Lisbeth Salander is no longer anonymous. Much as the secretive hacker would like to stay out of the spotlight, the latest on-screen incarnation of Stieg Larsson’s franchise-spawning literary anti-heroine opens with Lisbeth (Claire Foy) enacting her own kind of revenge on a badly behaved man, only for a local news outlet to instantly pin the nefarious deed on her. And yet, in this on-screen incarnation of the series — the third version to hit theaters, the fifth film total — it’s one of many changes made to the girl with the dragon tattoo, who has evolved beyond dead-eyed computer whiz into a slightly more emotional warrior with a real flair for punishing baddies.
Even better, she’s now played by Emmy-winner Foy, who turns in the best on-screen depiction of Lisbeth yet, facing down stiff competition from both original Swedish star Noomi Rapace and Rooney Mara.
Fede Alvarez’s wholly recast sequel jumps years ahead of the ending of David Fincher’s “The Girl With the Dragon Tattoo,” picking up the twisted story after the events of the third book in Larsson’s Millennium trilogy (all of which were adapted into Rapace-starring features). Author Larsson died before his original trilogy was even published, and subsequent Lisbeth-centric novels have been written by David Lagercrantz, including the source material for “Spider’s Web,” which is concerned with Lisbeth’s life after being revealed to the Swedish people as both a prodigious hacker and the kind of woman you don’t want to challenge.
Public scrutiny — in Larsson’s last book, Lisbeth went on trial for a trio of murders, it’s hard to get more public than that — hasn’t stopped Lisbeth from wanting to hide, and Foy ably imagines Lisbeth as a tough-talking genius who has gotten increasingly bad at burying her human emotions, a better and richer take on the character than previous incarnation allowed. The film opens with a flashback to Lisbeth’s terrible youth, mostly spent in an icy and sprawling mansion alongside her pale-faced twin sister Camilla. It’s Camilla who idolizes their obviously evil dad (bad people in Lisbeth’s world continue to be transparently bad, no matter how many twists the stories try to pile on), and so when young Lisbeth runs away from home, it’s not a surprise that Camilla chooses to stay behind.
It’s not even that much of a surprise how that choice impacts the pair so many years later, but that doesn’t stop the film’s script (written by Alvarez, Jay Basu, and Steven Knight) from weighing down the story with unnecessary twist after inscrutable contrivance. Lisbeth, for all her visibility, spends most of her time toiling at clandestine operations, so when she’s tasked with retrieving a dangerous piece of computer programming that threatens the safety of the entire world, she jumps at the chance. Created by the skittish Frans Balder (an underused Stephan Merchant), the program is the sort of thing that shouldn’t be in anyone’s hands, let alone the many nefarious organizations gunning for it, from the NSA to the secretive Spider Society. What follow is a cat and mouse (and mouse and mouse and mouse…) game in which it’s strangely difficult to remember who is just who, and why, and how, and for what.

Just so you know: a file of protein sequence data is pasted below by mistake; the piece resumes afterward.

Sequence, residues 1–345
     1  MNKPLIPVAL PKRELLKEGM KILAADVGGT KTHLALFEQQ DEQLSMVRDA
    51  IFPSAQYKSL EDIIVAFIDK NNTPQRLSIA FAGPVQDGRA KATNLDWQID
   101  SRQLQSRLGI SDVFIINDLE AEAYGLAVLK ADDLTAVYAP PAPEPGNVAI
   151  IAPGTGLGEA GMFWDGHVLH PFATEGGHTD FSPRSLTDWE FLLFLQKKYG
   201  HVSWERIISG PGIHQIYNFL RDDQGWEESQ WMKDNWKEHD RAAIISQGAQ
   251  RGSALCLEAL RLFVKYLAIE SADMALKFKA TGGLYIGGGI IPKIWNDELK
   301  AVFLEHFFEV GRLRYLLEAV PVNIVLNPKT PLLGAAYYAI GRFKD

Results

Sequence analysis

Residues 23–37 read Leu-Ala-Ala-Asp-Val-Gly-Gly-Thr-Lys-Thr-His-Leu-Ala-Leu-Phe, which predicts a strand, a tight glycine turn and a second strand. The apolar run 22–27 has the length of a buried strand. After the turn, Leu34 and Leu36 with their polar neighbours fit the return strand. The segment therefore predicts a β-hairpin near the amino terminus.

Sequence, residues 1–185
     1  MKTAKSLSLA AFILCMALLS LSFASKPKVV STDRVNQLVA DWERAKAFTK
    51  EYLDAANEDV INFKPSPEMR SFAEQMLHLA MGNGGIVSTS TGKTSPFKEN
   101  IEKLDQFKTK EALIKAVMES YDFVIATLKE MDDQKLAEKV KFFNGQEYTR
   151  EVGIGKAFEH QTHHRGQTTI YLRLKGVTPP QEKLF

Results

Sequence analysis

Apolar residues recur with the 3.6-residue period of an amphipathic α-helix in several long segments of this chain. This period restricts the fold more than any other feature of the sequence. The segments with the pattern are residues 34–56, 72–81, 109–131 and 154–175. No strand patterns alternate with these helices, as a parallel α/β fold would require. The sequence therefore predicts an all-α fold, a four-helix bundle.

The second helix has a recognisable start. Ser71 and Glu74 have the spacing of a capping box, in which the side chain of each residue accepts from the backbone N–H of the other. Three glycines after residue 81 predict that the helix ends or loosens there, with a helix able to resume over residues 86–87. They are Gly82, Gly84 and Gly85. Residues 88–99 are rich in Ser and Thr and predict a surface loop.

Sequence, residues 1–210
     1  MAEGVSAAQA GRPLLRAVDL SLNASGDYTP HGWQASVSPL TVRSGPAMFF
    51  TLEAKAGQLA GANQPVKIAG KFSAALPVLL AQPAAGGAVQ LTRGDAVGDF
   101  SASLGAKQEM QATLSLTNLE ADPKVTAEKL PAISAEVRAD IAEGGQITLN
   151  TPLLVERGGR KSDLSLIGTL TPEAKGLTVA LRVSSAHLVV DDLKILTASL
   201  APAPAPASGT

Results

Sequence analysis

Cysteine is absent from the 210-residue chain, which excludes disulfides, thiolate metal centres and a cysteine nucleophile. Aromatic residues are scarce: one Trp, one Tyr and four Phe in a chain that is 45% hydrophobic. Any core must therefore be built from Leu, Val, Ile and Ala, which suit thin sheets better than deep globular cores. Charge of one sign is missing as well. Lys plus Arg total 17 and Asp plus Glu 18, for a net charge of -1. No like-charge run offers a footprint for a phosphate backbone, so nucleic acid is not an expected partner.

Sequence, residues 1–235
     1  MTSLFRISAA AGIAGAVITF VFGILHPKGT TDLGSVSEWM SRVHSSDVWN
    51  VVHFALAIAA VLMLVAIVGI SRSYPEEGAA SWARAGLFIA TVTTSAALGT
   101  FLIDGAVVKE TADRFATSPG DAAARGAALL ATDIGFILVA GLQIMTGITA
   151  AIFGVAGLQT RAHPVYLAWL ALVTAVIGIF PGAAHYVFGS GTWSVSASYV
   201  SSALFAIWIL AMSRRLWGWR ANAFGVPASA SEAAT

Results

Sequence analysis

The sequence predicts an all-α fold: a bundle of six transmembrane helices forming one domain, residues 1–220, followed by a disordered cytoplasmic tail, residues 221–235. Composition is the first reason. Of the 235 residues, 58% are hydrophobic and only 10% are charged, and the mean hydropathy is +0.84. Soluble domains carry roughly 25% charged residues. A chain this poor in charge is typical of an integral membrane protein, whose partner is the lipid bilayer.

Inevitably, both the NSA and the Spiders come for the nasty tech (and Lisbeth), leading her down a predictably dark path in search of the person pulling the strings. The answer isn’t surprising, but it’s laden with undercooked revelations that muddle the story, misunderstanding that narrative “twists” don’t always result in a “twisted” story. Alvarez’s horror bonafides are mostly muted here, but some of the film’s bigger action setpieces allow the “Evil Dead” director a chance to play, including a heart-pounding early attack on Lisbeth’s home and a final act shoot-em-up packed with clever surprises. Unfortunately, it’s the middle that sags; that’s where “The Girl in the Spider’s Web” loses much of its momentum.
At least the convoluted story allows for the introduction of characters both new and returning, including Sverrir Gudnason as journalist/love interest Mikael Blomkvist, Lakeith Stanfield as an NSA heavy with his own mission, and Sylvia Hoeks as a grown-up Camilla. Still, the contrivances that bring them together become more grating as the film winds on, and at least one of them devolves into a superhero-esque baddie before the film’s final confusing revelations.
It’s Foy, however, that drives the entire film. The actress has already turned in one revelatory film performance this year, thanks to Damien Chazelle’s “First Man,” but her turn as Lisbeth is further proof that the full spectrum of her talents have yet to be tapped. Her Lisbeth is more human than she has been in any previous incarnation, though Foy doesn’t add emotion to the mix at the cost of dialing down her character’s more opaque attributes. Lisbeth is never going to be cuddly or sunny, but that doesn’t mean she has to be robotic or impossible to read. That’s something that Foy and Alvarez clearly understand, and the result is a heroine not only worth cheering for, but one worth loving and even understanding.
For once, it’s Lisbeth who traps the audience in her own web.
Sony Pictures will release “The Girl in the Spider’s Web” in theaters on Friday, November 9.